The Institute for Fiscal Studies has today published a chapter form the IFS Green Budget that investigates the exposure of different workers to potential trade barriers between the UK and the EU. The Green Budget is funded by the Nuffield Foundation and will be published on Tuesday 16 October.
The research, written by Peter Levell and Agnes Norris Keiller, focuses on which industries, regions and types of workers would be most and least affected by increased barriers to trade with the EU under different Brexit scenarios. The researchers aim to shed light on relative impacts across different groups in the population rather than their overall scale.
To conduct the analysis, the researchers calculated measures of the impact of new barriers to trade on demand for goods and services produced in the UK, and how these are likely to affect different industries and, by extension, the workers that they employ.
- Men, in particular those with fewer formal qualifications, are more likely to be employed in the most exposed industries than women and more highly educated men. Workers in process, plant and machinery operative occupations are particularly exposed. These tend to be older men with skills specific to their occupation who, history suggests, may struggle to find equally well-paid work if their current employment were to disappear.
- The EU accounts for 44% of UK exports (equal to 13% of GDP) and more than half of UK imports (17% of GDP). Leaving the Single Market and Customs Union will increase trade barriers and make both importing and exporting more costly.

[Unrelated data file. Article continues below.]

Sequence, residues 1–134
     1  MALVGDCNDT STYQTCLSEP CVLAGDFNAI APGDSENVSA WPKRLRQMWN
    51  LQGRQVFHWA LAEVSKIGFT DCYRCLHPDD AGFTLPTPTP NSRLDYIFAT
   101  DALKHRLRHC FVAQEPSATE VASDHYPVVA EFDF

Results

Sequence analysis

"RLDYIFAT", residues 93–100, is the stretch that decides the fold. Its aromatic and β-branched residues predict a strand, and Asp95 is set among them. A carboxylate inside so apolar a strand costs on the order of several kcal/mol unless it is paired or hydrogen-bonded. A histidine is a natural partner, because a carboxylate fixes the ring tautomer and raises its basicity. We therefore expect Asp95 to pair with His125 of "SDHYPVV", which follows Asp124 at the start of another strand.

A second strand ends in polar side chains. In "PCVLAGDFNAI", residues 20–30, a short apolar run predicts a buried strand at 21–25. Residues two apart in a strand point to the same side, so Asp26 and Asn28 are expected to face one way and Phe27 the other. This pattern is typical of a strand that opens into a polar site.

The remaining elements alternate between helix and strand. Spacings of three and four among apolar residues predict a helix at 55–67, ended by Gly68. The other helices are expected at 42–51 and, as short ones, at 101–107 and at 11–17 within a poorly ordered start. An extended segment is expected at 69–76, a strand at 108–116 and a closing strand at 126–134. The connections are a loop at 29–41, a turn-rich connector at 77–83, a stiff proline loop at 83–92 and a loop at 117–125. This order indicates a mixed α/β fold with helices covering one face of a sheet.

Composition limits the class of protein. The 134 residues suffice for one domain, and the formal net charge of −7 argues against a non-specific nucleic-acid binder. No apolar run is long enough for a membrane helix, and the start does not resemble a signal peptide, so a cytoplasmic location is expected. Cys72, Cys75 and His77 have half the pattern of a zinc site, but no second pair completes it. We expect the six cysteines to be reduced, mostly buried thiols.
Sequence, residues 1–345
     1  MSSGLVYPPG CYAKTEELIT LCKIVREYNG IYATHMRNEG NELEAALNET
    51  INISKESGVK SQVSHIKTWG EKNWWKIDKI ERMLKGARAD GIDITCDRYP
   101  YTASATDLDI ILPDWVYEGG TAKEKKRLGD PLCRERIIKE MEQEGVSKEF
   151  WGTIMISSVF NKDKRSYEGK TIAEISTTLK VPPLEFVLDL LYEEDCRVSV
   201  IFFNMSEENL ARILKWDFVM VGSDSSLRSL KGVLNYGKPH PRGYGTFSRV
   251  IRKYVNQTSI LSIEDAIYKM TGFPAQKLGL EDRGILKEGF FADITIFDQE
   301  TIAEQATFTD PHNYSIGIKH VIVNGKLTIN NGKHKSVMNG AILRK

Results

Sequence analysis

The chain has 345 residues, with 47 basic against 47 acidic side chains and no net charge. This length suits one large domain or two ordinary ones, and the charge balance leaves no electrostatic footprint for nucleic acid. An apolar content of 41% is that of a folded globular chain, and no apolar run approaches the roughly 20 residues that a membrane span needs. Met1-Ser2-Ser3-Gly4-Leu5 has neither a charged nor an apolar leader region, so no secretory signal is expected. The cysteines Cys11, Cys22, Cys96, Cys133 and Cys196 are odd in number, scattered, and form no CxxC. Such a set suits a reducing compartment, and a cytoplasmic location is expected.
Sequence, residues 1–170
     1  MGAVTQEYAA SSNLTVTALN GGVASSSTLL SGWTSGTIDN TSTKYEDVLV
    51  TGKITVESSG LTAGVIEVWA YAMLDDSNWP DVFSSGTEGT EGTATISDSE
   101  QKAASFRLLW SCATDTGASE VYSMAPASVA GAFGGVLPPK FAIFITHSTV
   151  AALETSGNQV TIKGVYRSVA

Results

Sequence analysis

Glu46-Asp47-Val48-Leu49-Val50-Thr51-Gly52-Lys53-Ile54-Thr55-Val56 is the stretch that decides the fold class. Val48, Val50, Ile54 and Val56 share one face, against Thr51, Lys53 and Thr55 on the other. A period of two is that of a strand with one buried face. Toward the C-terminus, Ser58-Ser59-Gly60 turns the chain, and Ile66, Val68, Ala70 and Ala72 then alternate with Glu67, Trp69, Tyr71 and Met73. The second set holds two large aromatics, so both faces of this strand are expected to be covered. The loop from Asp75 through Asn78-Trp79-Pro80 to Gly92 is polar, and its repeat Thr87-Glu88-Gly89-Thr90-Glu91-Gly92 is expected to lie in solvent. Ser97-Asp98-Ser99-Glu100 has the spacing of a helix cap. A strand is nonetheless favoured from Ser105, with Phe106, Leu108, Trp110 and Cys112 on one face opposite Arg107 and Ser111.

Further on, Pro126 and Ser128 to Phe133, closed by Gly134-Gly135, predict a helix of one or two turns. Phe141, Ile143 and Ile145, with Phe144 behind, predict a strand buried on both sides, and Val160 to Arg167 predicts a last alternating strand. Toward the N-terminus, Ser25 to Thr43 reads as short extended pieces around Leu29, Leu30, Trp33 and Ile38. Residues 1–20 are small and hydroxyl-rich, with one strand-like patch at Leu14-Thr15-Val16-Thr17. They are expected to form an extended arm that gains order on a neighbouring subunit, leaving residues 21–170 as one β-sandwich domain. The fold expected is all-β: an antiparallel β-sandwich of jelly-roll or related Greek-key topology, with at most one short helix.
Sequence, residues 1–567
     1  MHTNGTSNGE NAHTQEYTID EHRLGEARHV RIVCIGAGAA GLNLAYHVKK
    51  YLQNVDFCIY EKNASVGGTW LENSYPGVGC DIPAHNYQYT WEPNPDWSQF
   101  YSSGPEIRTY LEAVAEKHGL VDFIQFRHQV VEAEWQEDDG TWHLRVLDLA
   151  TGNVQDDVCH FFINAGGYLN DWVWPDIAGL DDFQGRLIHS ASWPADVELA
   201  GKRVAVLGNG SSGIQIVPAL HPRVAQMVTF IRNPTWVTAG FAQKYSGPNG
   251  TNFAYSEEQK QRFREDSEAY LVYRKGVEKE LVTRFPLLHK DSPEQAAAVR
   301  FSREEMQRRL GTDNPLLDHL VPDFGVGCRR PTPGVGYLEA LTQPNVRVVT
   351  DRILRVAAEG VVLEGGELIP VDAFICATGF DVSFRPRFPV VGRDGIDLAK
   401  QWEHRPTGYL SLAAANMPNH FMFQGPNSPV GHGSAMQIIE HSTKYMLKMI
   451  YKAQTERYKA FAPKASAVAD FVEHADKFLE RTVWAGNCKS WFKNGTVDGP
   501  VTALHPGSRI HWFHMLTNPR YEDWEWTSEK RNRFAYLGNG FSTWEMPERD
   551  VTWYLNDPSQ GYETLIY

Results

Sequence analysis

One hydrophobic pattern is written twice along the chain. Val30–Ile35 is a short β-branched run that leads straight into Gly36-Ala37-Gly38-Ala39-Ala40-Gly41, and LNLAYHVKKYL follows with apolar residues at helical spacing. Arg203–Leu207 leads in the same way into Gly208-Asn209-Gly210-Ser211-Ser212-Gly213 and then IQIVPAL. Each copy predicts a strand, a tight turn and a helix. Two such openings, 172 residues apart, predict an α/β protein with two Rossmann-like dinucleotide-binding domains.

- Some industries, such as clothing and transport equipment (including car manufacturing), are likely to be especially badly affected by these changes because they sell a large fraction of their output to EU countries. The transport equipment sector will also be hard hit because it imports 25% of its inputs from the EU. The same is true for the chemicals and pharmaceuticals sector. Finance is the most exposed services industry, as it currently exports a relatively large share of its output (12%) to the EU.
- Industries such as agriculture may benefit from trade barriers (though at the expense of consumers) because consumers will substitute away from more expensive imports towards products made by UK industries. However, the industries that could benefit make up a small share of the overall economy.
- On average, exposure to new trade barriers is set to weigh somewhat more heavily on the top half of the earnings distribution. While earnings inequality may fall, it will come at the cost of making most UK workers poorer. The likely impacts on inequality between regions are both smaller and much more uncertain than the effects on earnings inequality.
- Low-educated workers are more exposed in some regional labour markets than others. While 19% of low-educated men work in industries we class as highly exposed in the UK as a whole, the fractions in Northern Ireland and the West Midlands are 25% and 24% respectively. Low-educated workers in these regions might find it particularly hard to adjust to the negative consequences of trade barriers.